The U.S. Federal Reserve on Wednesday trimmed its growth forecast for the American economy.

The central bank predicted growth in the range of 2.7 to 2.9 per cent in 2011 and 3.3 to 3.7 per cent next year.

In its last forecast, in April, the Fed predicted growth in the range of 3.1 to 3.3 per cent in 2011 and 3.5 to 4.2 per cent next year.

It also forecast unemployment to stay high, averaging 8.6 to 8.9 per cent in the last quarter of 2011, compared with 8.4 to 8.7 per cent projected in April.

It estimated unemployment at the end of 2012 in a range of 7.8 per cent to 8.2 per cent. In April, it called for 7.6 to 7.9 per cent in April.

Inflation, it predicted, will grow slightly, but average 1.9 per cent long term.

At a news conference, Fed chair Ben Bernanke said some of the problems slowing the U.S. economy could persist into next year.

Bernanke said the slowdown could be due, in part, to the depressed housing market and other factors that aren't likely to fade soon.

"Maybe some of the headwinds that are concerning us, like the weakness in the financial sector, problems in the housing sector — some may be stronger and more persistent than we thought," he said.

Greek crisis very important

Bernanke also said the fiscal crisis in Greece is a very important and difficult issue and suggested the European debt crisis poses a threat to both European and global banking systems and to European unity as well.

Markets worry that concerns about a potential Greek default could spread to other European nations with heavy debt burdens, such as Ireland, Portugal, Spain and perhaps Italy. U.S. banks and the U.S. economy would be at risk, too.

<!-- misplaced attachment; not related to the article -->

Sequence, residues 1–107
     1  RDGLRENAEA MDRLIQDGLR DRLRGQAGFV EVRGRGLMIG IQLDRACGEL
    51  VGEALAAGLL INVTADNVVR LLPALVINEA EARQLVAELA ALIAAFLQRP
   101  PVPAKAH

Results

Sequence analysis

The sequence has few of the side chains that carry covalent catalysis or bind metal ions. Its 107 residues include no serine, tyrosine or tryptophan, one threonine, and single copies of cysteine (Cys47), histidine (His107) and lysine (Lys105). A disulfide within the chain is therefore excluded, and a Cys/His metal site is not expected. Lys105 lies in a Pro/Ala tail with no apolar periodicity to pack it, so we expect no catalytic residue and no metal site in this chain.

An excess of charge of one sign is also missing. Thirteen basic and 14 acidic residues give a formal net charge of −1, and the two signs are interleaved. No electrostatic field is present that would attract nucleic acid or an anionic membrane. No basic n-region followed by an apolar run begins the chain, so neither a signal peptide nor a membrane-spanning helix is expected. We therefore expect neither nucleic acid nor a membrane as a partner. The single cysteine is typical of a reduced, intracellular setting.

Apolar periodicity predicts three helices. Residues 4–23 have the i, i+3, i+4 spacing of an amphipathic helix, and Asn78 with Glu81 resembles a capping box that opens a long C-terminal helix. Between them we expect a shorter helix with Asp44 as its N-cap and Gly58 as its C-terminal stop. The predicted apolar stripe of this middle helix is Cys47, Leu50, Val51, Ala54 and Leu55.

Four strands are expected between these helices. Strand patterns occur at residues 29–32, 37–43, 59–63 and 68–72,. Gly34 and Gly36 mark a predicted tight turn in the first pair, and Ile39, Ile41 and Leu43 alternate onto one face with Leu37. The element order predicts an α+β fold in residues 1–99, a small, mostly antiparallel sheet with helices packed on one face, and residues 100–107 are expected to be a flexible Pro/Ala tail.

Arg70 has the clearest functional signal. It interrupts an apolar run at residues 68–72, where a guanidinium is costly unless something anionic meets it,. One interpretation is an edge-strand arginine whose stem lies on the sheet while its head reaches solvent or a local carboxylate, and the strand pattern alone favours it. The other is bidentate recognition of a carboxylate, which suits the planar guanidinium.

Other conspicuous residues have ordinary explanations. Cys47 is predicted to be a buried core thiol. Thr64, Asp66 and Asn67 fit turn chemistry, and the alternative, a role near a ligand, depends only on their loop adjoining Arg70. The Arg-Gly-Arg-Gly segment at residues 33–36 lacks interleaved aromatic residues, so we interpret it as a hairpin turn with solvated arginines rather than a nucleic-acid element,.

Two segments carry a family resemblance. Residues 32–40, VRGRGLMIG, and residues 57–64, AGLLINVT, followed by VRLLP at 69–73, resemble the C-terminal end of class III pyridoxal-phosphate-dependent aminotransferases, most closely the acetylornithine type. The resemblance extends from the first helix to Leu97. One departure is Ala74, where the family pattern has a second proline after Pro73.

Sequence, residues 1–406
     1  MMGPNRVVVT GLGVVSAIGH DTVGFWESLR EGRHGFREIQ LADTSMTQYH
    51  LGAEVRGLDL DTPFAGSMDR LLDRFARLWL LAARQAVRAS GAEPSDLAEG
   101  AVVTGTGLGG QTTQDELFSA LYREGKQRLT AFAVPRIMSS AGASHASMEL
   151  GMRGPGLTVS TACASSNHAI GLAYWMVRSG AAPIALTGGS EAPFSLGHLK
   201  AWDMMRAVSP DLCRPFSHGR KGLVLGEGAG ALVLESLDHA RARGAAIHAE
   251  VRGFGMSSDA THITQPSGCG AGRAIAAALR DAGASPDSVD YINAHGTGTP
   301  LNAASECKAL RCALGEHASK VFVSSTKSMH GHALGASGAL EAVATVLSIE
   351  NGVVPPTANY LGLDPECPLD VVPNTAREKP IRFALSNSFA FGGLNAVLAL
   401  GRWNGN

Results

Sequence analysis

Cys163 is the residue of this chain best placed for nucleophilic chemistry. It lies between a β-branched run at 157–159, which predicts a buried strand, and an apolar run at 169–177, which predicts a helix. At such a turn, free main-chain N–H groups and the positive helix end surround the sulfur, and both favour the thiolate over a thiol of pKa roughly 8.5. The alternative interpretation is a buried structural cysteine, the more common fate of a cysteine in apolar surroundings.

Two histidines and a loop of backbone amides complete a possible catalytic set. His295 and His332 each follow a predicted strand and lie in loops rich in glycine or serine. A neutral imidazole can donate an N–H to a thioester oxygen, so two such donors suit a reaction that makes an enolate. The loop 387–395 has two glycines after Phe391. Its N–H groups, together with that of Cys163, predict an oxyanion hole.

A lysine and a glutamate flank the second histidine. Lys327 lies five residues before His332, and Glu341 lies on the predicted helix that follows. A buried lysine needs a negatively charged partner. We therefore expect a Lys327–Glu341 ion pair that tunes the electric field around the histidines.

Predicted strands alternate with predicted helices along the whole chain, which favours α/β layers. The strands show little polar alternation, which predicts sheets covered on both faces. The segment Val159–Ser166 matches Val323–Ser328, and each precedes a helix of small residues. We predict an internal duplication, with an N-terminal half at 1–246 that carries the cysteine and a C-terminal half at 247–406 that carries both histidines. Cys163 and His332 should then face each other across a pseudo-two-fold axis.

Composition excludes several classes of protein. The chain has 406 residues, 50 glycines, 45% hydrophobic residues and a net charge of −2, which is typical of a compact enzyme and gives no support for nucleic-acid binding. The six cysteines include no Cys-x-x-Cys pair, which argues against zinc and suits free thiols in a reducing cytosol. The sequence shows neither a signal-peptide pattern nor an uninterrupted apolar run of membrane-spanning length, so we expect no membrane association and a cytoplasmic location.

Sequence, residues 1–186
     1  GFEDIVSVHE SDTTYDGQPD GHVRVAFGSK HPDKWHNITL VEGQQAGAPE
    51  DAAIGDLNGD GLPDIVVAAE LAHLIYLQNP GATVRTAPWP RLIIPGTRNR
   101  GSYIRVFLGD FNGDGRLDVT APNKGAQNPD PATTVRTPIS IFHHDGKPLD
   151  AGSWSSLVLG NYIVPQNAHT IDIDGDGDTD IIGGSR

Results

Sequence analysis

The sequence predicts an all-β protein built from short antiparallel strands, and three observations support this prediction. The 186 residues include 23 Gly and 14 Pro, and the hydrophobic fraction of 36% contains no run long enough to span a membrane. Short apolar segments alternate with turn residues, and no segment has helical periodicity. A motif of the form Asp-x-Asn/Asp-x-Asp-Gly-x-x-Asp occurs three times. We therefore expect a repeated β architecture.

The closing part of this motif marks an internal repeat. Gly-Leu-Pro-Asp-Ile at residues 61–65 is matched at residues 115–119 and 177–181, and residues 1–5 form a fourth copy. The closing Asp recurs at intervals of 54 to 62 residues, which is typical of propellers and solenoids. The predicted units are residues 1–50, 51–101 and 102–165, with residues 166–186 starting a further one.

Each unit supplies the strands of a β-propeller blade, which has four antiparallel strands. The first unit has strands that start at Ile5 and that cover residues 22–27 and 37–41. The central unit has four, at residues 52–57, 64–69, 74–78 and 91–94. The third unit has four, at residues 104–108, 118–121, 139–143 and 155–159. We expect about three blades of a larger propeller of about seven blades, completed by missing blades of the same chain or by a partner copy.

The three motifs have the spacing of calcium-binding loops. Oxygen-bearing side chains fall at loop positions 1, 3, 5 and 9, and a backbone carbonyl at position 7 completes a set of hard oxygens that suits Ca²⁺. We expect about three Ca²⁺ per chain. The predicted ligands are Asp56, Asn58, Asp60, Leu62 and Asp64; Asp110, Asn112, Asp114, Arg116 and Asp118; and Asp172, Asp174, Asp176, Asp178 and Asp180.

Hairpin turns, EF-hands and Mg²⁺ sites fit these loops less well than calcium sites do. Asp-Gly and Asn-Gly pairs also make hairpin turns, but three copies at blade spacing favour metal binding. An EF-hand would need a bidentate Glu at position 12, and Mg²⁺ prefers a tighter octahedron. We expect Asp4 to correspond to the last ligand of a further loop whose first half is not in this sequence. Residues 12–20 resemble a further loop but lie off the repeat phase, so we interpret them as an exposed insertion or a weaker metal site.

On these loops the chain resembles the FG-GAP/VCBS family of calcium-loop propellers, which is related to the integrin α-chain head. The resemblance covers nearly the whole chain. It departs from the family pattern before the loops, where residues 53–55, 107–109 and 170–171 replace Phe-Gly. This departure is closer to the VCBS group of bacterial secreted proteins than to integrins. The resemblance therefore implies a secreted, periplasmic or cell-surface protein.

When the European debt crisis first shook markets last year, the Fed renewed agreements with European central banks to supply dollars to them if they ran short. The central banks would lend the dollars to commercial banks. In return, the Fed would receive European currencies to hold until the dollars were repaid.

Earlier in the day, its monetary policy committee Wednesday said the U.S. economic recovery is continuing at a moderate pace, "though somewhat more slowly than the committee had expected."

As expected, the Fed left a key interest rate at a record low near zero and repeated its pledge to keep it there for "an extended period."

It also acknowledged the labour market has been "weaker than anticipated," but said the slower pace of the recovery reflects in part "temporary" factors, such as higher food and energy prices and business disruptions caused by the earthquake and tsunami in Japan in March.

Stimulus program to end on schedule

Despite speculation that it would signal new measures to stimulate the economy, the Fed said it would let its $600 billion US government bond-buying program end as scheduled on June 30. The program is intended to stimulate the economy by lowering rates on loans, lifting stock prices and encouraging spending.

Critics have complained that the bond purchases raised the risk of runaway inflation while doing little to boost growth. Bernanke has said that creeping inflation from higher oil and food prices is likely temporary.

When asked during the news conference about the possibility of launching a new stimulus program, Bernanke said the Fed will "review the outlook going forward," but pointed out that job creation has improved this year compared with 2010.

The Fed said it would keep its holdings of Treasury bonds at current levels. That policy is intended to keep consumer and business loan rates at low levels to stimulate spending.

Bernanke earlier in June called the U.S. recovery "frustratingly slow."

U.S. employers added only 54,000 jobs in May, the poorest showing in eight months. The unemployment rate is 9.1 per cent. Most economists have downgraded their forecasts for hiring and growth for the rest of the year. 

Many economists say the slowdown means the Fed won't start raising rates until the summer of 2012, about six months later than many thought when 2011 began.

With files from The Associated Press